What are label readers looking for, anyway?

Study reveals the top nutrients we're looking for on packaged food labels

Got iron? You may want to check.

The top five items Americans are seeking to maximize when they scan the Nutrition Facts labels on packaged foods are, in descending order: whole grains, dietary fiber, calcium, vitamin C and protein, according to a recent report from the NPD Group's Dieting Monitor.

Label High Five

The most common items people look for on food labels:

1. Whole grains

2. Dietary fiber

3. Calcium

4. Vitamin C

5. Protein

Not a bad list, but it includes protein, which is not lacking in most American diets, and excludes iron, one of the more common deficiencies.

"Growing adolescents and premenopausal women tend to be deficient in iron," said Lalita Kaul, a professor at Howard University's College of Medicine.

"Vitamins A and C, calcium and iron should all be looked at."

Iron is vital to oxygen transport within the body and necessary for cell growth and differentiation, according to the National Institutes of Health. A deficiency reduces oxygen delivery to cells, causing fatigue and decreasing immunity.

Overall, consumer priorities, as measured by the Dieting Monitor report, are in line with dietary needs, according to Kaul. But unless you're a vegan or you're on a restricted protein diet due to a kidney or liver problem, you don't have to spend much time thinking about protein.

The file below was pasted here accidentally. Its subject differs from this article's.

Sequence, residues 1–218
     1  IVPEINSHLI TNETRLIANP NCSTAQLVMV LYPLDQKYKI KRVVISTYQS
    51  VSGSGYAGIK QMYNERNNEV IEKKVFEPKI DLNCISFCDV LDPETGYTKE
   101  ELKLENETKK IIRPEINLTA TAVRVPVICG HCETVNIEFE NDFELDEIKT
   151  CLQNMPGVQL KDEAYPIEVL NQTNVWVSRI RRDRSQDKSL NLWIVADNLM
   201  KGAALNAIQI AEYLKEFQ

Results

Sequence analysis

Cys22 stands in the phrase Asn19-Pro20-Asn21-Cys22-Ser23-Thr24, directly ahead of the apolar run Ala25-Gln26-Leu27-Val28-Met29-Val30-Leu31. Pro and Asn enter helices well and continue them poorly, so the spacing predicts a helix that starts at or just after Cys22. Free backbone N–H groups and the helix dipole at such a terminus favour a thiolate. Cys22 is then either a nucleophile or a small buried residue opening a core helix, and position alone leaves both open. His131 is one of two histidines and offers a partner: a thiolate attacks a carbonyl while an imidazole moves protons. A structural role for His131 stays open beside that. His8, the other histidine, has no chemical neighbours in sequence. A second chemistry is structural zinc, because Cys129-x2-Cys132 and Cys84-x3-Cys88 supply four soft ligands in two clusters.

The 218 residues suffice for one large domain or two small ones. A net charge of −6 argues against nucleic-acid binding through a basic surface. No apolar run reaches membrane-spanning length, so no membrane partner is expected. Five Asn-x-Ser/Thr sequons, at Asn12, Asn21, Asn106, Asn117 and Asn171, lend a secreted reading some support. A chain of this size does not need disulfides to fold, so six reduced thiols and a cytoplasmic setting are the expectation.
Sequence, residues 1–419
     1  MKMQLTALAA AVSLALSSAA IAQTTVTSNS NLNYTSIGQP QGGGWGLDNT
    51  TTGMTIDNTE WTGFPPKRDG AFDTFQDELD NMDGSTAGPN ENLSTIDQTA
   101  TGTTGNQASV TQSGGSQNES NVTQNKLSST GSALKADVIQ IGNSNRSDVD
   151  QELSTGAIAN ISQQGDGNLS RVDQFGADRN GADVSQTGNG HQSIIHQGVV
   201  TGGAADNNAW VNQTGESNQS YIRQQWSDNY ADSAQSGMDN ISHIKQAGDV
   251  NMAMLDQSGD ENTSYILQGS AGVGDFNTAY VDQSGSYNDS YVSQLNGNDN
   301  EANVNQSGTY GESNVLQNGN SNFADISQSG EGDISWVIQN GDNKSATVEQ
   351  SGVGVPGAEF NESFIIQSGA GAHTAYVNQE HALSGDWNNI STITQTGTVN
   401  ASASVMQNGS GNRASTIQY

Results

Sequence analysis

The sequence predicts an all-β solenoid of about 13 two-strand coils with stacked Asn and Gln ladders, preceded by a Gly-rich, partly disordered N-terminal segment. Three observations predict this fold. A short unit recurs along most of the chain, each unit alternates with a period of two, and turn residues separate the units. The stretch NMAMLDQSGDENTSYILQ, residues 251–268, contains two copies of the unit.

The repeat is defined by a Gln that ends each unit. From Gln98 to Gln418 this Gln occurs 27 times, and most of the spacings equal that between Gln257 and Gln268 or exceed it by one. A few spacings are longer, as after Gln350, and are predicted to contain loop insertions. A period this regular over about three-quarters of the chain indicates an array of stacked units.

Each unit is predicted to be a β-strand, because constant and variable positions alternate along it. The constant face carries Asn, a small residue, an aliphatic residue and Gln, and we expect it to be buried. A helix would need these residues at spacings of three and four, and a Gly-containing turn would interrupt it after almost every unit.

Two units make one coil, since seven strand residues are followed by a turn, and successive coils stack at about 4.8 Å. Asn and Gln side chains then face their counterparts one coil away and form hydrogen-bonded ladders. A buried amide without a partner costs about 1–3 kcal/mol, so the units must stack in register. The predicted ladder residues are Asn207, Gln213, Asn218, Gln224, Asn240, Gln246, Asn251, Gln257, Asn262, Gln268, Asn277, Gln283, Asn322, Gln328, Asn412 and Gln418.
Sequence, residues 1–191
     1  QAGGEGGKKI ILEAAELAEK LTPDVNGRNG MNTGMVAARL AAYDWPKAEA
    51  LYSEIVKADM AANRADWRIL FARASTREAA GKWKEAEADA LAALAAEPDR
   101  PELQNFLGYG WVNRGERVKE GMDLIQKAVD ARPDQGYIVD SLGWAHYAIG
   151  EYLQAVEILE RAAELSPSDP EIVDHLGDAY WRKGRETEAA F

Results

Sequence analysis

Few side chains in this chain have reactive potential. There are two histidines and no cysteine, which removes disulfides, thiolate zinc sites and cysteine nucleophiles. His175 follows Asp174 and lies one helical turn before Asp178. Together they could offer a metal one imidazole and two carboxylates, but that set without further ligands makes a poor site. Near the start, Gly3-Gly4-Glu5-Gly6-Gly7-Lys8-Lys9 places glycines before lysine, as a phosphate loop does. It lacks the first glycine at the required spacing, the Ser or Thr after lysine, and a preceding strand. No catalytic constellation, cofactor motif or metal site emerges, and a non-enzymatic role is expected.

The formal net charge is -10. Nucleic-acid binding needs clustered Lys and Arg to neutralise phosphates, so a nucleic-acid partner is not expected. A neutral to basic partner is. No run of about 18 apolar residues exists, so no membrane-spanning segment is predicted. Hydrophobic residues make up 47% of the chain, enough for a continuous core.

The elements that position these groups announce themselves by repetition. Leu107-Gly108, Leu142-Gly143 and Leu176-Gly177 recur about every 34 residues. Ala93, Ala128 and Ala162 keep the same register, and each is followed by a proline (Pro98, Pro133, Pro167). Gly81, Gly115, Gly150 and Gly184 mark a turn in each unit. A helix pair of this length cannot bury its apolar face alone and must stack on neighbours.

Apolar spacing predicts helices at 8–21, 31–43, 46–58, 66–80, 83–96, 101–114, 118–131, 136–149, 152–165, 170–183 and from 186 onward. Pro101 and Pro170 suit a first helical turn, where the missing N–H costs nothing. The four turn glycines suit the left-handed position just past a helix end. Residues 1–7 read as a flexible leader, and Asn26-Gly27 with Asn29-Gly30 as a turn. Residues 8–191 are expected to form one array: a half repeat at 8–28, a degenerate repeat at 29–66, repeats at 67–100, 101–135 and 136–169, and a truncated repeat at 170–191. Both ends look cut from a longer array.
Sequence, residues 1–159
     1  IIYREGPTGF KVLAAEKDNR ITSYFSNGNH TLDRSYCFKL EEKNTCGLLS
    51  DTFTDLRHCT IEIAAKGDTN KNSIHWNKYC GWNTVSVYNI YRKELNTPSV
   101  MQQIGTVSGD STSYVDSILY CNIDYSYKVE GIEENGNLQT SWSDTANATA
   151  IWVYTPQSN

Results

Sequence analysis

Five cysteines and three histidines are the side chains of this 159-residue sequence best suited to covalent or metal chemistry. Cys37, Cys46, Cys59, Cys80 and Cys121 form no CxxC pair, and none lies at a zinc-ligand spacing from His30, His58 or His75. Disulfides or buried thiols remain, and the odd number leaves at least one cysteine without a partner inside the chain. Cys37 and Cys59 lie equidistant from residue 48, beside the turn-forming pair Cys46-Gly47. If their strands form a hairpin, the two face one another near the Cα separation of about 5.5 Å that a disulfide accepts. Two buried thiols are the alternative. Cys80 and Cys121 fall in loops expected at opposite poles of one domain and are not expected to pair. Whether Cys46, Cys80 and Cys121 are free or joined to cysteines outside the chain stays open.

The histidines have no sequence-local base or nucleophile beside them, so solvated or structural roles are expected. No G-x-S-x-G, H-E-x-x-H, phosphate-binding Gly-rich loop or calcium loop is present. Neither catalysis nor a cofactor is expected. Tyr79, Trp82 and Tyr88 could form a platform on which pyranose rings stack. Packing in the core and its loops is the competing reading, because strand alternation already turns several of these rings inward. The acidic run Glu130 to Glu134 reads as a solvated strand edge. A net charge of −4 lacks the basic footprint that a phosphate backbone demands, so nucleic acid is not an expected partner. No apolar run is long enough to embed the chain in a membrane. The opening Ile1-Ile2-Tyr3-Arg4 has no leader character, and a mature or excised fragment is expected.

"We are getting enough protein, and there's not that much concern" among researchers, Kaul said.

The Dieting Monitor also found that the five nutrients that a large percentage of consumers are trying to avoid, ranked in descending order, are: fat, sugars, cholesterol, sodium and trans fatty acids.

And the top five items on the label we're most interested in overall are: total calories, total fat, calories from fat, sugars and sodium.

Kaul said that all of those issues are important — that's why they're on the relatively short list of nutrients included on the label. But in her experience, many people look at the small picture, asking, say, is a particular food low-fat? They ignore big-picture issues such as how many calories they're consuming overall.

"I think the best priorities are calories and fat, and I would add sodium because we, according to the last study, are consuming too much sodium," she said.

"An excess of saturated fat and trans fat will contribute to heart disease, and heart disease is still the No. 1 (killer)."


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